Wild Heart

Monday, October 31, 2016

Hello team green fans. This blog is an update and explanation of how October and ride season is wrapping up. 

First there is no Fort Valley update because we didn’t go. 

No- Khaleesi isn’t injured and she was basically ready to go and hopefully complete one last 50 of our first full season. However things in my own life have been busy and my plate has gotten full- and a secondary plot line (Wild Heart) has been playing out in the background. 

Everything became too much at once and I was beginning to wonder how I would effectively balance it all. As the stress mounted it became clear that the last ride of the season was the obvious thing to cut. No one cared about that last 50 ‘points’ except me. Khaleesi isn’t keeping track of her AERC points (I asked her) … we don’t have enough to matter anyway, and in a year no one (even me) will think much about it one way or other. 

She’s a young horse with a good long career ahead of her and there is no reason to work her particularly hard in her first year. She’s done great and we have 100% completion record for now. I’m pleased with our accomplishments. 

So letting that ride go was a good choice for me personally and my world. And considering how goal driven I can be, I think a healthy one that I’m content with (maybe some personal growth is good). 

So meanwhile Susan – who has become a integral part of team green: going with me on training rides, crewing, and helping every way she can- is interested in doing LD (limited distance: 25-30 miles) rides and Faygo is just not the horse for that. 

We looked into a local lease- nothing came of it- and decided to move ahead on a horse to share. So she’s a 50/50 kind of addition, and she may end up truly being Susan’s horse someday. Time will show the way. 

After research we decided on a mustang for many reasons:

1- everyone I know that has them says they are wonderful and special and worth the effort. They are all heart and many say it’s hard to go back to a domesticated animal after having a mustang. 

2- they need help. Too many homeless horses are suffering and stuck in holding pens unwanted by society. It’s a huge problem I don’t have the answer to- but Heart is one drop in the bucket to do our part. 

3- they tend to be healthy and hearty. They have good feet and solid bones. I like that. 

4- they don’t always make good 50 or 100 mile horses (some can but not all) however they’ve lived on the land and whatever distance they do (most are well suited for LD distances) they can take care of themselves- drinking and eating well and used to many various terrains. 

5- they are the least screwed up by human intervention and domestication. I know I’ll learn a lot about communication from her as she’s only been in the human world a few months at best and she is still pretty purely in the ‘equus’ language. So working with her I hope will teach me much. 

We found one through the Mustang Heritage Foundation‘s TIP (trainer incentive program) site. That is when they are gentled and have some minimal training to help normal people (like me) have a better chance at adopting successfully a wild animal.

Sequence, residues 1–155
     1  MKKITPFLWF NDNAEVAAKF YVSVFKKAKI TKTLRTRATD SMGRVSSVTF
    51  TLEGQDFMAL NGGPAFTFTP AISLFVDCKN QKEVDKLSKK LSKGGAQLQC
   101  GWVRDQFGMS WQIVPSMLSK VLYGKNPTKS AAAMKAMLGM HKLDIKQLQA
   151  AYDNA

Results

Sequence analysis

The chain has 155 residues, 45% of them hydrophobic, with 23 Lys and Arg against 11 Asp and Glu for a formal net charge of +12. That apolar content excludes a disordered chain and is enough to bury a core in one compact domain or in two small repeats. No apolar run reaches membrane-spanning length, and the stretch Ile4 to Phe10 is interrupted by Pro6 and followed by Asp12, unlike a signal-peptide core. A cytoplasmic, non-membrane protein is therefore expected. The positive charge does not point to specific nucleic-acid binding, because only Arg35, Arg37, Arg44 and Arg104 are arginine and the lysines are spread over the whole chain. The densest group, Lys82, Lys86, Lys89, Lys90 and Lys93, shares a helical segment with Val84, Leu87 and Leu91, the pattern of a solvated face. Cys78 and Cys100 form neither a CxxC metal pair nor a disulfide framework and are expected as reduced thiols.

Going through the BLM adoption process took a little time and paperwork to become approved but it wasn’t terribly hard. We were approved in a few weeks then drove to TN the weekend Fort Valley would have been and picked her up. 

She got on the trailer nicely in the early dark morning coaxed with love by Jennifer her trainer and was calm for the 11 hour ride back to VA. 

She is now living alone in a small field while we get to know her. She will be a slow project but eventually she’ll be on the training arm of team green with Susan and hopefully a safe horse in time other experienced riders could ride as well. 

She’s well built and lovely. From Sweetwater Co Wyoming, rounded up at age 2 and put in a holding pen-she is now 5. She was chosen for an extreme mustang make over competition but injured herself early on so she couldn’t finish. Jennifer liked her enough to take her home and work with her to get adopted and now she’s ours. Friendly and curious too- we’ll keep you all posted!

Published by JaimeHope

Violin teacher and endurance rider living in a rural mountain county - one of the least population dense and without a single stoplight.

4 thoughts on “Wild Heart

  1. I can’t wait to hear how it goes with the Mustang! Our saddle shop is Coloarado Correctional Industries which has an award-winning inmate work program where the inmates are taught trades and make at least the minimum state hourly wages, to help support their families back home. Saddlery is one of the programs but they also have a therapeutic dog training program and also a wild mustang training program that they partner with Colorado’s Land Mangaement Bureau 🙂 https://www.coloradoci.com/serviceproviders/whip/index.html?intro

    Liked by 1 person

  2. Congrats on the new horse. My husband also decided on a Mustang for endurance after looking at a bunch of Arabians. They just did their first 50 a week ago. He’s not as fast on pace or as low on heart rate as the Arabians, but he does a very good job or drinking and taking care of himself.


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